An outer bottle 22 may be used which is made of polypropylene copolymer and is similar in appearance to that illustrated the drawings. The outer bottle 22 has a finish 28 with an internal diameter of about 0.735 inch; an aperture 58 with a diameter of about 0.09 inches; and an internal ledge 56 which protrudes perpendicularly about 0.06 inch inwardly from the internal surface of the bottle finish 28. The body of the bottle 22 has a major axis of about 2.75 inches; a minor axis of about 1.375 inches; and a fluid capacity of about 6 ounces.
A flexible bag 24 may be used which has an envelope portion 32 which, when flat, measures about 3.63 inches wide; about 4.5 inches tall (at its midpoint); has shoulders 54 which taper about 45 degrees (up from the bag 24 axis); and is adapted to contain about 5 ounces of fluid. The fitment 30 is similar in appearance to that illustrated in the drawings. The fitment 30 includes a recessed portion 36 which is about 0.25 inch deep and extends radially about 300 degrees. The fitment 30 also has an air vent channel 34 which is about 0.025 inch deep and about 0.13 inch wide and terminates at its top end about 0.19 inch from the bottom of the flange.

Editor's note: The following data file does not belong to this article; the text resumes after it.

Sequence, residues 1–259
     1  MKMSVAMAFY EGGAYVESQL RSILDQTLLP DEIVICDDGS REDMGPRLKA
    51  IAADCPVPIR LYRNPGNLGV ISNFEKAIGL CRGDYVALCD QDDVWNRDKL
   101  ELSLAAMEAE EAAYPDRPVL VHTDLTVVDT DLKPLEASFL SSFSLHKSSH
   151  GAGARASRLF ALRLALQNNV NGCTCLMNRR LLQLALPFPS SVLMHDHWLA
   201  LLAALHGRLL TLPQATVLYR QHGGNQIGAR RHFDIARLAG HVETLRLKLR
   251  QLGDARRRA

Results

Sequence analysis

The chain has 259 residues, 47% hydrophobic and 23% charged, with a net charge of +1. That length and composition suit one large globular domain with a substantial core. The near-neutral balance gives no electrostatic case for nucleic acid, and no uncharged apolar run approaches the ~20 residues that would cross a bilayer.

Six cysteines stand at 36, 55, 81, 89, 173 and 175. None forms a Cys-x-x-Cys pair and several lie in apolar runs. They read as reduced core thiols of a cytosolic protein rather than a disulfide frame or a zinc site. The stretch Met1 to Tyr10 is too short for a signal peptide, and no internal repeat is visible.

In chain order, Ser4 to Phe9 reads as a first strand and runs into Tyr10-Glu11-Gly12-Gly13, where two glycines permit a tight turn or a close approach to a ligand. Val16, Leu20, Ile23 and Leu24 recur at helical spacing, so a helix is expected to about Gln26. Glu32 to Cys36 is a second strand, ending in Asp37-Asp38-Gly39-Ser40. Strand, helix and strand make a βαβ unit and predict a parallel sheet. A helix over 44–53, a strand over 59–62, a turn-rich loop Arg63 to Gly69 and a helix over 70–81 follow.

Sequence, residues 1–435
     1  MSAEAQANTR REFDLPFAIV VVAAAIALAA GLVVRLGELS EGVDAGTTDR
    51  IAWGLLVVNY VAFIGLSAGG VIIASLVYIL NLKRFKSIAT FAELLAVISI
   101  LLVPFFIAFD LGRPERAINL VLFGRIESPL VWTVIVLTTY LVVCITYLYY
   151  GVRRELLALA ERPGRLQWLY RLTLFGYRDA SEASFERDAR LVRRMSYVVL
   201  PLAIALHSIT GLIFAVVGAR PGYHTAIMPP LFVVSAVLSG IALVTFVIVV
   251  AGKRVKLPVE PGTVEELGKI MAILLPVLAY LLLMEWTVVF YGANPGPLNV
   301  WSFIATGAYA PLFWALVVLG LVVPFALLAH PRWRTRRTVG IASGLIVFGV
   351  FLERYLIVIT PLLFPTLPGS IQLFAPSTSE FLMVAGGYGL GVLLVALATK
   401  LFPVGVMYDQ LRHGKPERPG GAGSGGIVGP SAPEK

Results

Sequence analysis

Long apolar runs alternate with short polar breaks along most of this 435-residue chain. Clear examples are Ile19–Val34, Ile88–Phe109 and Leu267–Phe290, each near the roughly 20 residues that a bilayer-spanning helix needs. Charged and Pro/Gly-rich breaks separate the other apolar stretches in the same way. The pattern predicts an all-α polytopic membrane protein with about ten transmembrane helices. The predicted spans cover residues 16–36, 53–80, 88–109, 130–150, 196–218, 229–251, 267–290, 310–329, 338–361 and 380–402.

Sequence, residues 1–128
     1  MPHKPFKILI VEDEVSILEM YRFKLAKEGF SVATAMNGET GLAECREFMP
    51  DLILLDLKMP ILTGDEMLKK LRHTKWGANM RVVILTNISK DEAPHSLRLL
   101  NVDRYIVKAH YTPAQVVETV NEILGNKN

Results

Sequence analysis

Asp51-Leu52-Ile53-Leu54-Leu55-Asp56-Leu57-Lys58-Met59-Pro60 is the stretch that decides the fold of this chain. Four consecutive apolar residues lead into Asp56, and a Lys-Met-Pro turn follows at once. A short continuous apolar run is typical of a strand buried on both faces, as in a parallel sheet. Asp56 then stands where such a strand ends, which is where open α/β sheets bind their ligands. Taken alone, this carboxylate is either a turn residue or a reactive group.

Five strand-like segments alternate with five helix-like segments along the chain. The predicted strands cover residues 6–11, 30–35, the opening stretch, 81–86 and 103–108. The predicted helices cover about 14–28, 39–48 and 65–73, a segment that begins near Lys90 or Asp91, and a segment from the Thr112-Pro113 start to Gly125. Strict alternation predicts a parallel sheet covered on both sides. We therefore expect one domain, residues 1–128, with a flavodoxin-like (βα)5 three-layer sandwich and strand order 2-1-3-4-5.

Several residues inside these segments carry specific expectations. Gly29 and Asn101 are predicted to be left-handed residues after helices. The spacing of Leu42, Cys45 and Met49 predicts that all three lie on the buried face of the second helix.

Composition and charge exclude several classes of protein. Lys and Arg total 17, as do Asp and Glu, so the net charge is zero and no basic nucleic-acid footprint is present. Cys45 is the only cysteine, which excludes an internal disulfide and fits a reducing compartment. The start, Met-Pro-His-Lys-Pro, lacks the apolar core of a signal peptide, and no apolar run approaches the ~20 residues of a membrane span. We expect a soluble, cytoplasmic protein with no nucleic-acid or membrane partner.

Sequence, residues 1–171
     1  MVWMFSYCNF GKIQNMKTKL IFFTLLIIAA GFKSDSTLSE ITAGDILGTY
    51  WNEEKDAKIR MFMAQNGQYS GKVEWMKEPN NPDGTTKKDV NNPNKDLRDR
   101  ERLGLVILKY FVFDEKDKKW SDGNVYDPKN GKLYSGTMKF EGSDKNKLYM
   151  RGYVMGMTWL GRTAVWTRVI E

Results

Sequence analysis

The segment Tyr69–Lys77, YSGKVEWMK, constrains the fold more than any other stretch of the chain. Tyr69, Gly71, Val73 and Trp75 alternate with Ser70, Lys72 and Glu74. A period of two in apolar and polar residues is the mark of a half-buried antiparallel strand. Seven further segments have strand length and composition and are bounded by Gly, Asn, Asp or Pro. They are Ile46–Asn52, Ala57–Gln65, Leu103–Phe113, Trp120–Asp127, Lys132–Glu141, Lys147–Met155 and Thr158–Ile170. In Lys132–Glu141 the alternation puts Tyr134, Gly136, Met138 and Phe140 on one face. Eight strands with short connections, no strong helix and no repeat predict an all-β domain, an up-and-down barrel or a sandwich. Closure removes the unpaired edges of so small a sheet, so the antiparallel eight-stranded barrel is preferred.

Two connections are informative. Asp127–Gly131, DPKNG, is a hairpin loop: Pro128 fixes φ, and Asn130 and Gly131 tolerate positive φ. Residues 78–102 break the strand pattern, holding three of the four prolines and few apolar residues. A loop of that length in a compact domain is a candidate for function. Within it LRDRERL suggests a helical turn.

A beam spring 60 may be used which has an appearance similar to that seen in FIG. 5b. The rectangular beam spring is made of about 0.002 inch thick polypropylene with a width of about 0.19 inch and a length of about 1.5 inches. Alternatively, a beam spring 60 may be utilized having an appearance similar to that illustrated in FIG. 5a. The double equal lateral trapezoid beam spring 60 is made of about 0.002 inch thick cellulose triacetate with a width of about 0.19 inch at its ends and about 0.31 inch at its midpoint and a length of about 1.63 inches.
Although particular embodiments of the present invention have been shown and described, modification may be made to the beam spring valve without departing from the teachings of the present invention. Accordingly, the present invention comprises all embodiments within the scope of the appended claims.